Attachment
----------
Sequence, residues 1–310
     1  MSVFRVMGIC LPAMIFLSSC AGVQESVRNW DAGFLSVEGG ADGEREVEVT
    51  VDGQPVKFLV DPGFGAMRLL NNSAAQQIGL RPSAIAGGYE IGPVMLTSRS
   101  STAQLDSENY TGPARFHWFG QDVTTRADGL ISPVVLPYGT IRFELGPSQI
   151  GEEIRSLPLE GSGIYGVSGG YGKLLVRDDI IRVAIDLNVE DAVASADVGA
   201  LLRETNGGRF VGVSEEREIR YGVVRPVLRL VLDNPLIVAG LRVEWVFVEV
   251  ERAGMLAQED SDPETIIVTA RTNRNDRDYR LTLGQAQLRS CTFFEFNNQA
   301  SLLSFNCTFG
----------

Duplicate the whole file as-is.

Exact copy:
Sequence, residues 1–310
     1  MSVFRVMGIC LPAMIFLSSC AGVQESVRNW DAGFLSVEGG ADGEREVEVT
    51  VDGQPVKFLV DPGFGAMRLL NNSAAQQIGL RPSAIAGGYE IGPVMLTSRS
   101  STAQLDSENY TGPARFHWFG QDVTTRADGL ISPVVLPYGT IRFELGPSQI
   151  GEEIRSLPLE GSGIYGVSGG YGKLLVRDDI IRVAIDLNVE DAVASADVGA
   201  LLRETNGGRF VGVSEEREIR YGVVRPVLRL VLDNPLIVAG LRVEWVFVEV
   251  ERAGMLAQED SDPETIIVTA RTNRNDRDYR LTLGQAQLRS CTFFEFNNQA
   301  SLLSFNCTFG